Interestingly, FBR is not only collecting taxes but is also responsible for dealing with Anti-Money Laundering and Combating Financing of Terrorism (AML-CFT) matters of Designated Non-Financial Businesses and Professions (DNFBPs), despite repeated warnings of cyber-attacks by the global watchdog on this issue. The Financial Action Task Force (FATF) president's statement asks for the allocation of sufficient resources to deal with AML-CFT and cybercrimes. Moreover, a Group of Seven (G7) finance minister urges the countries to implement FATF standards to deal with increased malicious cyber-enabled attacks. However, our lenient approach brought us to the position where we have miserably failed to counter potential threats as proven in FBR's case.
This development, on the one hand, compromises the privacy of the taxpayers and on the other, raises concerns on FBR officials due to their questionable role in the recent development concerning the reputation of the institutions.
The matter needs investigation, and a team should be formed to investigate the allegations leveled against the FBR officials regarding sharing of taxpayers' information with outsiders. As per media reports, FBR officials allegedly shared the tax-related information of Imran Khan for the last 37 years.
The recent development concerning FBR was noted in Peshawar High Court (Court) where a writ petition was filed by five Inland Revenue Commissioners of FBR against the Office of Federal Tax Ombudsman (FTO) who has ordered the Chairman of FBR to form an inspection team to check corrupt practices in the tax machinery. The court observed that the petitioners, being civil servants, shall in no manner be considered as aggrieved persons. The court held that the office of FTO did not require the presence of a complaint, particularly when there was an overwhelming perception of rampant corruption in the tax hierarchy as reported in a newspaper. That newspaper further reported concerning tax lawyer Waheed Shahzad Butt, a whistleblower for the FTO, that it was rare that a government department, responsible for collecting revenue, had approached a court against a constitutional office that was responsible for checking corrupt practices. Some tax experts allege that destroying internal data received from OECD can be another motive after this judicial pronouncement, though there exists a remote possibility of it unless proved by an independent inquiry committee of experts in detecting hackers behind cyberattacks.
The current attack on FBR systems has compromised the privacy of information though Chairman FBR has denied it. Unfortunately, there is no specific data protection law in Pakistan. In the current cyberattacks, taxpayers' information was accessed, though FBR denied it. However, Nadra's Chairman confirmed damage control in a tweet. In this entire episode, the victims may be the taxpayers of Pakistan unless proves otherwise in the inquiry. Their information is allegedly compromised, they are not even aware of the consequences-are left with no remedy.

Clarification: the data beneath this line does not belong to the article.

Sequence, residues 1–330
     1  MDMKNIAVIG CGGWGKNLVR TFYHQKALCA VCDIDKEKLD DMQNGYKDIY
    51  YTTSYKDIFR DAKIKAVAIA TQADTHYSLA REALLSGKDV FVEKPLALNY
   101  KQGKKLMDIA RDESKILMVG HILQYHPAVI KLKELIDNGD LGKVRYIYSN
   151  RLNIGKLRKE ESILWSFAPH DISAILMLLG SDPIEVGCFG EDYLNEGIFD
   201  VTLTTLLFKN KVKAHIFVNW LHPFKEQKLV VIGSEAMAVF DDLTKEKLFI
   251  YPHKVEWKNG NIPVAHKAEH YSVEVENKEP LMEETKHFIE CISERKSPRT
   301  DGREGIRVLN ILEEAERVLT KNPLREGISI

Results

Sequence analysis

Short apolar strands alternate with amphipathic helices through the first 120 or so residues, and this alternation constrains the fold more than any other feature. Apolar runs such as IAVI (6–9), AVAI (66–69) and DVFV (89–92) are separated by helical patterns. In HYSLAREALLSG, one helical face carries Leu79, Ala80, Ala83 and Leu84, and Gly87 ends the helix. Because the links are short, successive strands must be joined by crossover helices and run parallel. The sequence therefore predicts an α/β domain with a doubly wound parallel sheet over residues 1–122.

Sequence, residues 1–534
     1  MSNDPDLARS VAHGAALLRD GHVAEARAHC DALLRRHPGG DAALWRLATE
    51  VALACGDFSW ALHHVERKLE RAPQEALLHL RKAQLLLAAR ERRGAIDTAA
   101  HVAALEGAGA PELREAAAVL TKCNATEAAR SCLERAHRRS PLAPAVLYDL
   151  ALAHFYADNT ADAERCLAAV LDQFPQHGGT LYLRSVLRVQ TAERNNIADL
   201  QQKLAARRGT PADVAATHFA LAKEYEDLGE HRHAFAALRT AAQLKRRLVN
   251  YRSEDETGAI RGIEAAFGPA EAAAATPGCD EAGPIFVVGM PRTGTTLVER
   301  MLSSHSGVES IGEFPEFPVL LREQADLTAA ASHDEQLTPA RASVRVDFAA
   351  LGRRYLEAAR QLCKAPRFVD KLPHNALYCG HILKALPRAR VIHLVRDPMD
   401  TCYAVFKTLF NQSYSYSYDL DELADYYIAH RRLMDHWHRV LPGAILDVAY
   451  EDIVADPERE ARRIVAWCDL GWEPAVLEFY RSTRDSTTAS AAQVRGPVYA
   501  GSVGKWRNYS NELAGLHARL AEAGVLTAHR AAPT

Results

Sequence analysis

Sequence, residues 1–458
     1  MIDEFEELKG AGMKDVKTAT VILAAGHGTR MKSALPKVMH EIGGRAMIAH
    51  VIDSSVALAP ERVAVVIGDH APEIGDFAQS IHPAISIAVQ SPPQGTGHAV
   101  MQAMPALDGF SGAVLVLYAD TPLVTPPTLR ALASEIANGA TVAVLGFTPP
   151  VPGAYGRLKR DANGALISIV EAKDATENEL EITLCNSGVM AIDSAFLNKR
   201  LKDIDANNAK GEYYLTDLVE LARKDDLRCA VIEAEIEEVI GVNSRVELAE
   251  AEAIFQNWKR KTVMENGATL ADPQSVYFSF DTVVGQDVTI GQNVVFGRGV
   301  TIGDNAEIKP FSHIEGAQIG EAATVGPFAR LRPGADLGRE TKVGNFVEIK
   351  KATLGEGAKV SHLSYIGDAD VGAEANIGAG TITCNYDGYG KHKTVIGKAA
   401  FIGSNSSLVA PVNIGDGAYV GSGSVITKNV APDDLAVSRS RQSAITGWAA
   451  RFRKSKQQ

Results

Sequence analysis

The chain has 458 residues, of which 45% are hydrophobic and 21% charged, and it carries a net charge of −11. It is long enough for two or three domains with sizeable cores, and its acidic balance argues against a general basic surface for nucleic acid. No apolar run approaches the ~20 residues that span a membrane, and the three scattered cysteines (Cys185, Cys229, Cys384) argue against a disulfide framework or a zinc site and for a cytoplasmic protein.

Transparency is one of the foremost principles of governance and such acts of sweeping this dust under the carpet will serve no purpose for the system. Therefore, to set the best example of accountability and transparency, the government should form a team of independent professionals to investigate the entire matter and submit a detailed report related to the inadequacy of protection of the systems, allegations leveled against FBR officials who shared the taxpayer information with outsiders as reported in the media.
The motive behind filing of writ petitions against FTO, alleged abuse of information received from the Organization for Economic Cooperation and Development (OECD), and failure to maintain the privacy of taxpayers is highly undesirable. The investigation team should also probe the element of internal involvement in the current attack as well. Moreover, as highlighted in the cyber security policy Pakistan relies heavily on imported hardware, software, and services. This reliance, coupled with inadequate national security standards, has made computer systems in Pakistan vulnerable to external cyberattacks and internal data breaches. Knowing the potential risks to our system no concrete steps have been taken to address these challenges. The government should identify the loopholes and make an example of those who were entrusted with the responsibility to ensure the security of data. Simultaneously, the government must continue to invest in technology, systems, and governance framework, which are required to keep pace with the ever-evolving threats.
(The writers Ms. Huzaima Bukhari, MA, LLB, Advocate High Court, Visiting Faculty at Lahore University of Management Sciences (LUMS), member Advisory Board and Visiting Senior Fellow of Pakistan Institute of Development Economics (PIDE), is author of
numerous books and articles on Pakistani tax laws, Dr Ikramul Haq, Advocate Supreme Court, specializes in constitutional, corporate, media, ML/CFT related laws, IT, intellectual property, arbitration, and international tax laws and Abdul Rauf Shakoori, Advocate High Court, is a subject-matter expert on AML-CFT, Compliance, Cyber Crime, and Risk Management)
Copyright Business Recorder, 2021